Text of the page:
An evidentiary hearing upon a petition for postconviction relief is not required unless the petitioner alleges such facts which, if proved by a fair preponderance of the evidence, would entitle him or her to the requested relief. The allegations raised in the petition must be "more than argumentative assertions without factual support."

Roby v. State, 547 N.W.2d 354, 356 (Minn. 1996) (citations omitted) (quoting Beltowski v. State, 289 Minn. 215, 217, 183 N.W.2d 563, 564 (1971)).

Anderson argues that he is entitled to a hearing as a matter of right because he alleged facts that, if true, would warrant a hearing. He provided no factual support for his allegations. This is precisely the type of argumentative assertion that does not entitle a petitioner to an evidentiary hearing. See Berg v. State, 403 N.W.2d 316, 318 (Minn. App. 1987) (concluding that allegations unsupported by facts did not warrant hearing), review denied (Minn. May 18, 1987). There is no evidence that the prosecution made a deal with Russell or withheld notice of her testimony. In fact, there is evidence that the prosecutor gave defense counsel notice of Russell's testimony the same day that the prosecution received it. In addition, Anderson does not explain how his allegations would support his claim of ineffective assistance of counsel.

The postconviction court did not abuse its discretion in dismissing Anderson's petition without a hearing. Anderson's petition contained unsupported allegations and no evidence of a factual dispute that would require a hearing.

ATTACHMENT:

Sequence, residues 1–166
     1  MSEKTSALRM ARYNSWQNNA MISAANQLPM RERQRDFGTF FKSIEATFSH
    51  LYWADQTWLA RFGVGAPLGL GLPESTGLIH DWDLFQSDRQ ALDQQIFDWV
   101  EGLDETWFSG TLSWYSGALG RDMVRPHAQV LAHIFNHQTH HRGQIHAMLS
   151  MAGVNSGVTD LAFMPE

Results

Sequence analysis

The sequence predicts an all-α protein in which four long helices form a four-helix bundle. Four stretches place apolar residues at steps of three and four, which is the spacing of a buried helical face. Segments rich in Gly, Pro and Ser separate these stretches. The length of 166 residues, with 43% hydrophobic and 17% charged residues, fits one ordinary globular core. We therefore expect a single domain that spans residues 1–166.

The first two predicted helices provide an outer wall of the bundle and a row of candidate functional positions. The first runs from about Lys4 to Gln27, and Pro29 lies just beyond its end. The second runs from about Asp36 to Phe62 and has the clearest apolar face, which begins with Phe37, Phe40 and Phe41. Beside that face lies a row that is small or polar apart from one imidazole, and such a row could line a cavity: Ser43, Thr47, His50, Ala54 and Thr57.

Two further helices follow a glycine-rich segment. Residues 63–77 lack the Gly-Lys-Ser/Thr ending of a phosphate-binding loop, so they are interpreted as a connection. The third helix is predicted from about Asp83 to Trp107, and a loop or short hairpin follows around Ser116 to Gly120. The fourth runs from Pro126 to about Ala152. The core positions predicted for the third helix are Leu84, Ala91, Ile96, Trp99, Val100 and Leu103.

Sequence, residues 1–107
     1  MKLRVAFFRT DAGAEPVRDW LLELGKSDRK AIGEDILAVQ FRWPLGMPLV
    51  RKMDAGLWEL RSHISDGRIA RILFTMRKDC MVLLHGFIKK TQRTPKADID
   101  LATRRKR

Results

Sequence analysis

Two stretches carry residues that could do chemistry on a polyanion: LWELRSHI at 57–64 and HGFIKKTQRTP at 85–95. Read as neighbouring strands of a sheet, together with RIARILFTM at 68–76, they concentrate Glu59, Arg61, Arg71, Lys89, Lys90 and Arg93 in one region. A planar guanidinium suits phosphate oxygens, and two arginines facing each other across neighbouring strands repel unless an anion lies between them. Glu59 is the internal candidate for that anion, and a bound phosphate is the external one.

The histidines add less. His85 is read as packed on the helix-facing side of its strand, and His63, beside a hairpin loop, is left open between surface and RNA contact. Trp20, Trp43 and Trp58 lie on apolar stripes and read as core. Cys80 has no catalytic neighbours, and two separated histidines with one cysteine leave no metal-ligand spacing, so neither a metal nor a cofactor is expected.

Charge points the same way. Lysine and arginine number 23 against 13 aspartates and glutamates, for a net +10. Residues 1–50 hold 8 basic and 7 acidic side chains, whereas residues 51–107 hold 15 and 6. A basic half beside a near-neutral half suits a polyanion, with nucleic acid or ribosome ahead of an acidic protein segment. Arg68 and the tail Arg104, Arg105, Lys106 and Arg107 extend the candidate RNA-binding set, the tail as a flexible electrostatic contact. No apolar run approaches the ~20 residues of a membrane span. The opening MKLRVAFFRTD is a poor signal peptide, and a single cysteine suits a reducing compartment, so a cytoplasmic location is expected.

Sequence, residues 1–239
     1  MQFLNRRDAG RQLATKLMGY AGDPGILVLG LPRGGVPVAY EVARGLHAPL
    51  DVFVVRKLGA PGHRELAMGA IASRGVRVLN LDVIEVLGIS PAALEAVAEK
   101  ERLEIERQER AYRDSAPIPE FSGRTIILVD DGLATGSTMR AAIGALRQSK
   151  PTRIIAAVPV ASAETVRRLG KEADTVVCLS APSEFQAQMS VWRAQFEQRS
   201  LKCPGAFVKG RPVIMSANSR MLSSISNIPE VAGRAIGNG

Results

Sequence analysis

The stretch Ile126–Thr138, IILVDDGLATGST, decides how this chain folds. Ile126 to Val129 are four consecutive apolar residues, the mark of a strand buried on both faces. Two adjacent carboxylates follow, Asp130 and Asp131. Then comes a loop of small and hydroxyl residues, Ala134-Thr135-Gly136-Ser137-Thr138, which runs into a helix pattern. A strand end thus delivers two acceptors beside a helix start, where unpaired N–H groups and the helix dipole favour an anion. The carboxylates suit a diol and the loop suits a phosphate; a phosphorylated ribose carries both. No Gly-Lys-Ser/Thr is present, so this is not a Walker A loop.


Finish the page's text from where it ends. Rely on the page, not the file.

II. Prior Bad Acts

"This court will not reverse a trial court's admission of evidence of other crimes or bad acts unless an abuse of discretion is clearly shown." State v. Scruggs, 421 N.W.2d 707, 715 (Minn. 1988). Spreigl evidence is admissible to show "motive, intent, absence of mistake or accident, identity or common scheme or plan." State v. Slowinski, 450 N.W.2d 107, 113 (Minn. 1990); see also Minn. R. Evid. 404(b) (admissibility of evidence of other crimes).

Anderson argues that the trial court abused its discretion by allowing Russell's testimony regarding Anderson's statements to her that "he receives his controlled substances through the mail from Florida." He argues that the state's evidence on intent was not weak, and, therefore, Russell's testimony should not have been permitted under Spreigl. To admit Spreigl evidence, the state must show that the evidence on the issue in question is weak or inadequate. State v. Stagg, 342 N.W.2d 124, 127 (Minn. 1984). Anderson claims that the state's evidence on intent was strong because he had been "watched by the police as he committed the crime." But the fact that the police saw Anderson sign for the package does not show that Anderson intended to receive a controlled substance. The district court found that there had been no evidence on intent before Russell testified. Russell's testimony put the conduct in context and supported the state's case that Anderson intended to receive controlled substances.

The district court did not abuse its discretion by permitting Russell's testimony.